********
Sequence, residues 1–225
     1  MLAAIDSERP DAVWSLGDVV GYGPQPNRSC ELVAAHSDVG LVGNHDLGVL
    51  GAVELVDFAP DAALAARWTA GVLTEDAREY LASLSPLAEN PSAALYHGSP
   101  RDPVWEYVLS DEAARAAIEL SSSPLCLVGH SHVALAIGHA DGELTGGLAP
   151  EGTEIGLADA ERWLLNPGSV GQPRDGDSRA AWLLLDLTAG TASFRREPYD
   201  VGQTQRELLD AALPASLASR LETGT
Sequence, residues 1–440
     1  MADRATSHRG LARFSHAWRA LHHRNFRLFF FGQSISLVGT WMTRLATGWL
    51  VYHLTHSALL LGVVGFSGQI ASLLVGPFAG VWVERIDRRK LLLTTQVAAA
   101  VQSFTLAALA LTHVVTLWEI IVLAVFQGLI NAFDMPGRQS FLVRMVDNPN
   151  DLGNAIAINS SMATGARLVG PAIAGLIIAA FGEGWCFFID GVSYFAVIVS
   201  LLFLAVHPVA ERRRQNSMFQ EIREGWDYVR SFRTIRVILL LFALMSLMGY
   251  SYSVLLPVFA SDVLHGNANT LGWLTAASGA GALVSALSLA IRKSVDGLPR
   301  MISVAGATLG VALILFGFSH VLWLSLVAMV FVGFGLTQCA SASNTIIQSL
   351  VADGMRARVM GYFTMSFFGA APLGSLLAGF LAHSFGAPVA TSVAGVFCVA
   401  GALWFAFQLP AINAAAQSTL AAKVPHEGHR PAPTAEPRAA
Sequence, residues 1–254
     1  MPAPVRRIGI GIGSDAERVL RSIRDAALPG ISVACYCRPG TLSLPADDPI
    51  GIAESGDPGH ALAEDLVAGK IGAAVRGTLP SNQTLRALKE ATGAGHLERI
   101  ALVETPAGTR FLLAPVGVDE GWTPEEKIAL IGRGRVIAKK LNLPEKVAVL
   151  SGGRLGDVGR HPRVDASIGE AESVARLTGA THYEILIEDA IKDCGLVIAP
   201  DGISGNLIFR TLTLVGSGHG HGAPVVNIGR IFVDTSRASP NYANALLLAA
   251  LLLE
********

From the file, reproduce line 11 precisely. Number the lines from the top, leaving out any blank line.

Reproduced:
   151  DLGNAIAINS SMATGARLVG PAIAGLIIAA FGEGWCFFID GVSYFAVIVS